The two Saturday quakes were removed from the large interactive quake map on the front page of USGS.gov that morning, however event pages for the quakes still existed well into the day and it took another several hours for a “deletion notice” to be sent out. The stories about the two non-quakes continued to exist on the LA Times website and on several media sites that pull data or RSS feeds from the USGS or the LA Times stories well into Saturday.
The official automated USGS tweets and the tweets from @latimes and other media outlets and re-tweet services continue to ricochet in social media, being retweeted dozens of times as there is no way to edit or modify a sent tweet. The only option would be to delete it. Headlines associated with a tweet do automatically update, however, as seen in the LA Times tweets.
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The same chain of events occurred Friday, when the USGS, the Associated Press and the LA Times reported an earthquake with magnitude of 5.1 hit the Redding area after a real and very powerful earthquake struck the coast of Alaska.
The Associated Press confirmed Friday morning that this was a “…erroneous alert based off an earthquake that struck in Alaska” and killed the story from its wire service.
As with Saturday’s false reports, the event record of the earlier California quake vanished from the USGS seismic activity map, but remained on Twitter, and the LA Times story remained for hours before being updated.
“Quakebot is programmed to extract the relevant data from the USGS report and plug it into a pre-written template. The story goes into the LAT’s content management system, where it awaits review and publication by a human editor,” Slate reported in a 2014 article about the newspaper’s use of the computerized journalism technology.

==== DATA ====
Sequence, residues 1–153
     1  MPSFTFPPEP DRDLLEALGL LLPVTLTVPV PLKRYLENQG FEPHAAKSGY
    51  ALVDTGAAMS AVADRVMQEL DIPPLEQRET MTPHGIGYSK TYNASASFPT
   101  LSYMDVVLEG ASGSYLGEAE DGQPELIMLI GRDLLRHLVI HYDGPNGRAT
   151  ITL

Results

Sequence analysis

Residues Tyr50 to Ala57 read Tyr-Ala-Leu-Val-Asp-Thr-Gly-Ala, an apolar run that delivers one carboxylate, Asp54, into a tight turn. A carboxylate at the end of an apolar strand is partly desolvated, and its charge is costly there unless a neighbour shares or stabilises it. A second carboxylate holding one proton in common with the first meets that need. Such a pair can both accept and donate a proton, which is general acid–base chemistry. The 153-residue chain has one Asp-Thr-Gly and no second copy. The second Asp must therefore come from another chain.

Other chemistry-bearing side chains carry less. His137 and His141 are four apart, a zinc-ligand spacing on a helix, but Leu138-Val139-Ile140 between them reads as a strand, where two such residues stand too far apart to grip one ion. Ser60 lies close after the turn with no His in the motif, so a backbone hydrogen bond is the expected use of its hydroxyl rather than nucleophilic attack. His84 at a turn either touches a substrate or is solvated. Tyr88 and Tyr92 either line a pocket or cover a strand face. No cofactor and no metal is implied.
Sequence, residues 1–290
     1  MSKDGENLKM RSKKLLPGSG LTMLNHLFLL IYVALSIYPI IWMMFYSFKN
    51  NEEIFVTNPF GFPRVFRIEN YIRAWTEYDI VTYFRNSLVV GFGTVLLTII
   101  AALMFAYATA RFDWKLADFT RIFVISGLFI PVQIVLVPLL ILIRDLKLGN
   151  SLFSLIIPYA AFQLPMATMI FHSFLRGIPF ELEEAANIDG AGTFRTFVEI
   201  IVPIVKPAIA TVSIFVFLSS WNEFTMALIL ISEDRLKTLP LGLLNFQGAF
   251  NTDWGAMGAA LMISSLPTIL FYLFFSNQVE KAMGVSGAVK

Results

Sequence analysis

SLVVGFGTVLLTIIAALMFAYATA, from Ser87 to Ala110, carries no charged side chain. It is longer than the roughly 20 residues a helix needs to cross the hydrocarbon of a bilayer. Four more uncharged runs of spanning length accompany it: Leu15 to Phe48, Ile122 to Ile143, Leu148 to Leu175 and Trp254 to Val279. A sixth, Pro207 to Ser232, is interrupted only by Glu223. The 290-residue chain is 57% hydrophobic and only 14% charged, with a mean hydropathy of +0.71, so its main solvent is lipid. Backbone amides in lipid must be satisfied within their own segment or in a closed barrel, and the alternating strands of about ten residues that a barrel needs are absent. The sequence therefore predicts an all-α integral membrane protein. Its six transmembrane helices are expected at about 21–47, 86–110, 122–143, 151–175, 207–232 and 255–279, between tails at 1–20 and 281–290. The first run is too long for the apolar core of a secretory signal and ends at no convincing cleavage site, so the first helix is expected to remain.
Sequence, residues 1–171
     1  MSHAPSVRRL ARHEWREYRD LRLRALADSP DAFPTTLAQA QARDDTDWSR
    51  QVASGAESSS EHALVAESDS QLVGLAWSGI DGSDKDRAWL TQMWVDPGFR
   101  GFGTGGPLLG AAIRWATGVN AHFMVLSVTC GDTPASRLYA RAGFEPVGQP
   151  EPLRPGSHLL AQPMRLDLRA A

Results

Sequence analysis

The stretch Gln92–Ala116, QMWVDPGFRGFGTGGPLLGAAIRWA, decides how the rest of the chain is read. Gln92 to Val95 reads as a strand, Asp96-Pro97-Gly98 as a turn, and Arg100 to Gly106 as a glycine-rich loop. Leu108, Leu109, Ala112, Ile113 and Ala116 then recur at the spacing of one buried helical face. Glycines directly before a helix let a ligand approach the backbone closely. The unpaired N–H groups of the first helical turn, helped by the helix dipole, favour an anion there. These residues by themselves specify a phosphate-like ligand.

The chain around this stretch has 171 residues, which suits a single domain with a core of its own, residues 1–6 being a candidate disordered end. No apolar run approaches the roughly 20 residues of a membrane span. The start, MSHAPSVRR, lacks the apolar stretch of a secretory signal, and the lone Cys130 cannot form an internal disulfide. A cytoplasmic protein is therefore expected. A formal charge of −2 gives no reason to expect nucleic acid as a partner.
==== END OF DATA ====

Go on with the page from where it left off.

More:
The Los Angeles Times confirmed to CBS SF that a human editor continues to review all Quakebot stories. In Friday’s case, a “deletion notice” was not sent out through the automated government systems.
A Times spokesperson tells CBS SF that the newspaper’s editors are working with the USGS on coordinating the two automated systems to ensure the data is accurate, but while those conversations may have begun Friday, the Japan quake tested them again and the USGS false report issue struck a second and third time the next day.
The article with headline and excerpt describing the Friday non-quake near Redding continue to exist on the LATimes.com website, but a paragraph was added reading: “10:57 a.m.: This post is incorrect, with the USGS reporting that sensors in California misidentified seismic activity from a magnitude 6.7 quake that struck earlier in Alaska. The USGS reported there was no earthquake in the area at the time reported.” Later Friday, the headline was later updated as well.
Automated data feeds are increasingly common, and news outlets including the Associated Press are using them to automatically write and share everything from stock updates to NCAA sports stories.
The challenge for journalists is knowing when to immediately post a story based on automated data, and when to wait, and correlate it with actual reports. With earthquakes, Twitter is often the best judge of a quake.